"And cast the unprofitable servant into the outer darkness. There will be weeping and gnashing of teeth."
At last Thursday's meeting, council took two GROTESQUELY AWFUL actions that can only hurt our most vulnerable residents.
First, what started as a laudable effort to 'ban the box' went HORRIBLY awry:
The Austin City Council voted 8-2 Thursday night to pass the “fair chance hiring” ordinance championed by Council Member Greg Casar, which prevents companies from asking applicants to check a box on a job application if they have a criminal history. Council Members Don Zimmerman and Ellen Troxclair voted no, while Council Member Sheri Gallo was absent from the meeting.In other words, it's still ok to not hire someone with a criminal background, but now council is making a potential employer string the applicant along for days (if not weeks) rather than allowing them to be direct. People with criminal backgrounds will still have trouble finding work, but now employers will have to go through a burdensome and costly process to reach that decision. This is the worst of all possible worlds.
The ordinance applies to employers with at least 15 workers. Those companies may refuse to hire a person based on his or her criminal history only after considering the “nature and gravity” of the offense, the length of time that has passed since the offense and the scope of the job the person wants.
Roberta Schwartz, a vice president with Goodwill Central Texas, said the nonprofit objected to the ordinance — even though Goodwill hires employees with criminal records. It could be “devastating” for applicants to go through a long hiring process, get a conditional job offer and then be turned away because of a former offense, Schwartz said.
“That’s the kind of thing that makes you just throw your hands up and say, ‘I might as well just go back to jail,’” said Schwartz, who said she has a criminal record.
Council Member Don Zimmerman said there are other private employers in Austin who, like Goodwill, have chosen to move background checks later in the hiring process.
“They’re already doing it without mandates. They say … we object to the mandates,” Zimmerman said.
The Greater Austin Chamber of Commerce estimated the measure could affect at least 5,000 local businesses. Jose Carrillo, the chamber’s vice president of regional business advocacy, urged the council to delay action and to consider allowing a background check after an initial interview, which he said is the practice in Seattle and San Francisco.
Council Member Ellen Troxclair asked Casar if he would consider that change, but Casar declined.
Fortunately Matt Rinaldi noticed, and we will support any efforts he takes in this area next session:
The awfulness didn't stop there:
City subcontractors – such as airport food vendors and construction workers – will now be paid $13.03 an hour after City Council extended the city’s living wage requirements on Thursday to everyone working on a city contract.Of course, the end result is $0 per hour when politicians price jobs out of existence.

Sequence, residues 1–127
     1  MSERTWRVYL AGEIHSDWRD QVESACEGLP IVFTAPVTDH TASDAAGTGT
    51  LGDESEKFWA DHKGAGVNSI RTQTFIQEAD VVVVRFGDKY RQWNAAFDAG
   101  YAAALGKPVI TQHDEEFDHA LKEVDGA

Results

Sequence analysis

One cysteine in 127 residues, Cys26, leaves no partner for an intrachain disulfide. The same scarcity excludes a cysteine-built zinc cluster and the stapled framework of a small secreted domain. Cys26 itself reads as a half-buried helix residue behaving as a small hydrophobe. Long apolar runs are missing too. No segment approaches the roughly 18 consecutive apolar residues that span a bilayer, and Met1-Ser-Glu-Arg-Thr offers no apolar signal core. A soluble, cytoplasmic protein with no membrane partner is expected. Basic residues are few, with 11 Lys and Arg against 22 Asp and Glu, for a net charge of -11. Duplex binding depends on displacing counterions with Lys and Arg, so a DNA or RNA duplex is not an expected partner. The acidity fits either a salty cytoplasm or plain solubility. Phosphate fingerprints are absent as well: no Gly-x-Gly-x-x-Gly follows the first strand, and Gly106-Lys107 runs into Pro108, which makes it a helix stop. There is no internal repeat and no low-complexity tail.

Two ordinances that closed the loophole that left subcontractors out of previously passed living wage requirements passed on 8-2 votes, with Council members Ellen Troxclair and Don Zimmerman opposed and Sheri Gallo absent.
The ordinance was one of several proposed by Council Member Greg Casar meant to address employment in Austin. After hearing from Gutierrez – who was flanked at the podium by supporters – Casar said the measures particularly would help the “working-class community” in his own District 4.
But it gets better; while it doesn't come directly from Council, a city board has just invented "wage waivers":
Capital Metro Gives Developer a “Wage Waiver,” (A New Breed of Fee Waiver)Bottom Line: Kudos to Don Zimmerman and Ellen Troxclair for standing firm against this insanity (remember, this nonsense used to pass unanimously). They need re-enforcements. In the meantime, however, congratulations to the council majority for making life more difficult for ex-cons and restricting economic opportunity for low-income Austinites while accomplishing NOTHING positive in return.
Capital Metro and the Endeavor Real Estate Group negotiated a deal for the construction of the 10-acre Plaza Saltillo development downtown. When the dust settled after Tuesday night’s board meeting, the developer walked away winning their original offer of $11.39 per hour minimum wage for the workers. And yet the workers won also, because they will be getting paid $13.03 per hour. That’s because Capital Metro agreed to “share” part of the difference with money that would otherwise belong to the taxpayers. The shared portion will be 50% of the wage increase The net taxpayer loss is estimated to be $1.05 million.
The worst thing about this first “wage waiver” is the dangerous precedent. $1.05 million is “only a little bit of money” out of a big contract. But what about the next contract and the one after that? Every developer that goes into a construction and lease deal will want the same thing. Think about the massive complex of buildings being planned for the land owned by Central Health. What we witnessed this week was the opening of Pandora’s Box.